1 September 2010 Dynamic quantitative photothermal monitoring of cell death of individual human red blood cells upon glucose depletion
Author Affiliations +
Red blood cells (RBCs) have been found to undergo "programmed cell death," or eryptosis, and understanding this process can provide more information about apoptosis of nucleated cells. Photothermal (PT) response, a label-free photothermal noninvasive technique, is proposed as a tool to monitor the cell death process of living human RBCs upon glucose depletion. Since the physiological status of the dying cells is highly sensitive to photothermal parameters (e.g., thermal diffusivity, absorption, etc.), we applied linear PT response to continuously monitor the death mechanism of RBC when depleted of glucose. The kinetics of the assay where the cell's PT response transforms from linear to nonlinear regime is reported. In addition, quantitative monitoring was performed by extracting the relevant photothermal parameters from the PT response. Twofold increases in thermal diffusivity and size reduction were found in the linear PT response during cell death. Our results reveal that photothermal parameters change earlier than phosphatidylserine externalization (used for fluorescent studies), allowing us to detect the initial stage of eryptosis in a quantitative manner. Hence, the proposed tool, in addition to detection of eryptosis earlier than fluorescence, could also reveal physiological status of the cells through quantitative photothermal parameter extraction.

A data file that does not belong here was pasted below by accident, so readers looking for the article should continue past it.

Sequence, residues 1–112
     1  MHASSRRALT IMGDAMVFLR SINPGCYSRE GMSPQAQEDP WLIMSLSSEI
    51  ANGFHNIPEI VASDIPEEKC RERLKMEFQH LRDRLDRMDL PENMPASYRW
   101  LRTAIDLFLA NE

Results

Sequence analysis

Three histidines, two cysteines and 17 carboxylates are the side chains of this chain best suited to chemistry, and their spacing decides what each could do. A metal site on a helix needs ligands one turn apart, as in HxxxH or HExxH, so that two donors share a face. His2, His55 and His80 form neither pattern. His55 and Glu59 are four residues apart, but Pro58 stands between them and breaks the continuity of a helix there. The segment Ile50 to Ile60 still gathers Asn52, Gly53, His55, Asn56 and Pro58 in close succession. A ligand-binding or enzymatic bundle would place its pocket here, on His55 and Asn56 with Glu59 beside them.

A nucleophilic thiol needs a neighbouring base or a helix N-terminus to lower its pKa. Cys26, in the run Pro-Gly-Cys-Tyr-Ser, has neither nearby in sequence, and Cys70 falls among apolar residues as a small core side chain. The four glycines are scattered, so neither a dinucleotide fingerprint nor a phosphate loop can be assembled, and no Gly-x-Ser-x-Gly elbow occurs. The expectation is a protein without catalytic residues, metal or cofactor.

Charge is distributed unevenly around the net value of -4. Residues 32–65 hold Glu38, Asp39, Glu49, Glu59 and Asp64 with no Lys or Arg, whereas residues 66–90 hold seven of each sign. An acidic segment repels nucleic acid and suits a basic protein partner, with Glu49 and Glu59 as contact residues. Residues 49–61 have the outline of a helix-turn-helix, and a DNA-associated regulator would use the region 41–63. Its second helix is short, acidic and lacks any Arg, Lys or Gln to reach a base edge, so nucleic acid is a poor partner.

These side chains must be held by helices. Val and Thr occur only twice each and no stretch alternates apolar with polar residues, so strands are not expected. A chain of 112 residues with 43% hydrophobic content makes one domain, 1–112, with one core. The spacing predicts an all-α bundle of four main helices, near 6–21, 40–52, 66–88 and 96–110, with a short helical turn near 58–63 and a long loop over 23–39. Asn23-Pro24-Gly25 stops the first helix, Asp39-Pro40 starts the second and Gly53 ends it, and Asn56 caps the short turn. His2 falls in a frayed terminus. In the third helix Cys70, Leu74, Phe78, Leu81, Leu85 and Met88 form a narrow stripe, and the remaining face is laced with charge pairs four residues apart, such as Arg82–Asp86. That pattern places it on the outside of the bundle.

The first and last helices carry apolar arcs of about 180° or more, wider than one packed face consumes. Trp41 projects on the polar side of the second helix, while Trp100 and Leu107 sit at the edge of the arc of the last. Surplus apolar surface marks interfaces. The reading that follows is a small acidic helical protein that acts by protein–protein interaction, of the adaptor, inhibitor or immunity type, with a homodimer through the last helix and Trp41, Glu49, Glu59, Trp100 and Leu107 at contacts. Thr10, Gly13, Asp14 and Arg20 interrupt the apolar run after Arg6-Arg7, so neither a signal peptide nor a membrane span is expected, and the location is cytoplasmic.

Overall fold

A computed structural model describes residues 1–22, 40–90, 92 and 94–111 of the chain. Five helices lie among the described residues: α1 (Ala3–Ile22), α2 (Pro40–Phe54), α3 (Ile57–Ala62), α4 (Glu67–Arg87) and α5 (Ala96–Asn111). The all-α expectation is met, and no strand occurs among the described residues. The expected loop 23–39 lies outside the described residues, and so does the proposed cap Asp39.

© (2010) Society of Photo-Optical Instrumentation Engineers (SPIE)
Srivathsan Vasudevan, Srivathsan Vasudevan, George Chung Kit Chen, George Chung Kit Chen, Marta Andika, Marta Andika, Shuchi Agarwal, Shuchi Agarwal, Peng Chen, Peng Chen, Malini C. Olivo, Malini C. Olivo, } "Dynamic quantitative photothermal monitoring of cell death of individual human red blood cells upon glucose depletion," Journal of Biomedical Optics 15(5), 057001 (1 September 2010). https://doi.org/10.1117/1.3484260 . Submission:

Back to Top